A further purification was carried out using DEAE cellulose (small size). The fraction identified hereinabove as A was dissolved in water and passed through a 5 cm×1 cm column packed with DEAE cellulose (small size) that had been equilibrated with water that was acidified to a pH of 5-6 with 0.2N HCl. Thereafter the column was washed first with about 50 ml of water and thereafter with 50 ml of aqueous HCl pH 4. The column was eluted with a solution of HCl pH 2.0 and the eluted material was recovered as a powder by vacuum evaporation and was identified as fraction A1. The powder was dissolved in water at a concentration of 20 ug/ml and passed through a high pressure liquid chromatography silica 60 column (250 mm×4 mm) with a 90:10 solution of water:acetonitrile applied at a rate of 0.5 ml/minute. A fraction was obtained that had a retention fraction at 5.4 nanometers (UV absorption).
Fraction A1 had the infrared curve of FIG. 7 and an elemental analysis of C8 H10 O6 N1 ; found C 42.02%; H 4.80%; N 6.38%; O 40.09%.
An alternative column packing may be Ecteola, a commecially available condensation product of cellulose with epichlorohydrin and triethanolamine having a capacity of 0.3 to 0.4 meg/g and a particle size of 0.05-0.2 mm.
From the crude extract of the plant material three antioxidant active fractions (A, B and C) were obtained following the first step of purification. Fraction C was further purified on a column packed with Sephadex G-10 and two other active fractions were obtained by elution with water (C1 -dark brown and C2 -yellow orange). Fraction C1 was finally purified using HPLC. In studying the antioxidant activity of the crude plant extract and the isolated fractions, both the inhibition of linoleate oxidation by lipoxygenase and the inhibition of auto-oxidation of peroxides were used as criteria for antioxidant activity.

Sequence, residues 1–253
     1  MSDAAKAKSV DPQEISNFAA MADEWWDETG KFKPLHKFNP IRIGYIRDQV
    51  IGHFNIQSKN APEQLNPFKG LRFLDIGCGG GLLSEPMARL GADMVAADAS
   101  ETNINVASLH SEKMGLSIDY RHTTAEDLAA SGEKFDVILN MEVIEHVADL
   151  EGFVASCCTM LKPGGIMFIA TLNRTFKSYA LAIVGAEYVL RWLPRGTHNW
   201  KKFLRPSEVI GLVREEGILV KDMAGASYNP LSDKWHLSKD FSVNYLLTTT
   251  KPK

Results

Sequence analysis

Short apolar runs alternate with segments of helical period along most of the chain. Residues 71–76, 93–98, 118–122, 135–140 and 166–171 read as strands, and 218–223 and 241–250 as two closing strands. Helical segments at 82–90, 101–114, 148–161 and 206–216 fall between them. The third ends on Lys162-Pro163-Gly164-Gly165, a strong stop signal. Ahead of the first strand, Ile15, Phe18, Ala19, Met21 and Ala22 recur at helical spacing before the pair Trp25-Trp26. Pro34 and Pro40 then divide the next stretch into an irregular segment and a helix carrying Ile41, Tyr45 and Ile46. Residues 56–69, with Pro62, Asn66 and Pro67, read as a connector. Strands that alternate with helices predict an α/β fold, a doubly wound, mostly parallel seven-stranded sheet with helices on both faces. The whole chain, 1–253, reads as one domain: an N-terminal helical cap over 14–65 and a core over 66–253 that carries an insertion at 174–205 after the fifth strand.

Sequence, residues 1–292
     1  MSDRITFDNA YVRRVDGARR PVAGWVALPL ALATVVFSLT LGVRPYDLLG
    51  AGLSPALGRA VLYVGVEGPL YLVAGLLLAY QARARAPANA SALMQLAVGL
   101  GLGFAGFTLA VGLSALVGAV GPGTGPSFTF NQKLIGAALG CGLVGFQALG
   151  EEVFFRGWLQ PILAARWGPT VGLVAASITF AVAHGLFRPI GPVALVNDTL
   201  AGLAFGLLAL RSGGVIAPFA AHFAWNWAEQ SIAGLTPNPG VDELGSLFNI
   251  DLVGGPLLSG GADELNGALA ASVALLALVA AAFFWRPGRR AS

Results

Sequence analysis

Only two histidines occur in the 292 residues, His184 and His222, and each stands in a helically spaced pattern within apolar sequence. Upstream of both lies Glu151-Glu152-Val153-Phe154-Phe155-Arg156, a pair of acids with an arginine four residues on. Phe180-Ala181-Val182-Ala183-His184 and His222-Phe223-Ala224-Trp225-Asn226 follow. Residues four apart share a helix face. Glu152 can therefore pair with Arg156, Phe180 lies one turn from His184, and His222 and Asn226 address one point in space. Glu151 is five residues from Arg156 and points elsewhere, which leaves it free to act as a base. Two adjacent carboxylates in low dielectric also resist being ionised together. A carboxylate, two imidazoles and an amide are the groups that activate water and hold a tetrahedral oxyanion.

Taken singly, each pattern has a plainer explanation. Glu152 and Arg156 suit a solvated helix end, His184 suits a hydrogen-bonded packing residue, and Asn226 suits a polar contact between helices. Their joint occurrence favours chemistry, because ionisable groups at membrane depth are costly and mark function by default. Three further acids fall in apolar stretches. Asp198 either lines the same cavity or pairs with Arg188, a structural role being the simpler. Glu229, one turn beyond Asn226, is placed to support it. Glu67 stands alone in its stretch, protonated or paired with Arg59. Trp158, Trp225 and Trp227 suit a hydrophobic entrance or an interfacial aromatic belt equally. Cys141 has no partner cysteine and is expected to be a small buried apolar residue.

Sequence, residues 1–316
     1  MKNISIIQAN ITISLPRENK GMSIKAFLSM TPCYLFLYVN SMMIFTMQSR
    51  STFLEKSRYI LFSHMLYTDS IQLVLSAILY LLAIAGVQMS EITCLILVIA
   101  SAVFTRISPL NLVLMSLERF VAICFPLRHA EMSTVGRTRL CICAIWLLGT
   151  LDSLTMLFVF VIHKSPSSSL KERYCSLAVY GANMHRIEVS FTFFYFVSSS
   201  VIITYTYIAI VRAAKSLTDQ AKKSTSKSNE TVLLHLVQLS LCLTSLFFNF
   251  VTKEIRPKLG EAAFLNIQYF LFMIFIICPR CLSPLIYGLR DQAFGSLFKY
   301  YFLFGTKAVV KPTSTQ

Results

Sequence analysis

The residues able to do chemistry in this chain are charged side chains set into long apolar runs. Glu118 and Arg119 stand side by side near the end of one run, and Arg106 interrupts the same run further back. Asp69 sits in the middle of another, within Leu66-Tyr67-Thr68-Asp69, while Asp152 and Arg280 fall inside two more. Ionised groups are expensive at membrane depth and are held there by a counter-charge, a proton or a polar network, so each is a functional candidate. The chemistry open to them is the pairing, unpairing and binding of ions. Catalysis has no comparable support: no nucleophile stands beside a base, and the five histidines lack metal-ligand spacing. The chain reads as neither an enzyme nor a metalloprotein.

The antioxidant fractions exhibited synergistic activity. The synergism obtained with the natural isolated antioxidants is described in FIG. 1, which depicts the percentage inhibition on lipid oxidation of 1 mg each of single purified antioxidant fractions as well as the analogous percentage inhibition using combinations of 0.5 mg each of two such fractions. By way of example, it may be seen that this synergism increased the potency produced by the compounds from 167% (B+C2) up to 250% (A+B), without increasing the total antioxidant content.
Since lipid peroxidation catalyzed by hemeproteins is a basic deteriorative and pathological reaction, the effectiveness of the isolated fractions to prevent such peroxidation was followed. It was found that the isolated fractions prevent such peroxidation induced by hemoglobin, cytochrome C and myoglobin in a similar way to the inhibition of lipoxygenase induced oxidation.
The purified antioxidant fractions retained their antioxidative activities for months without any loss when kept at room temperature. Moreover, boiling the purified antioxidants for up to 30 minutes did not reduce their antioxidant capacity.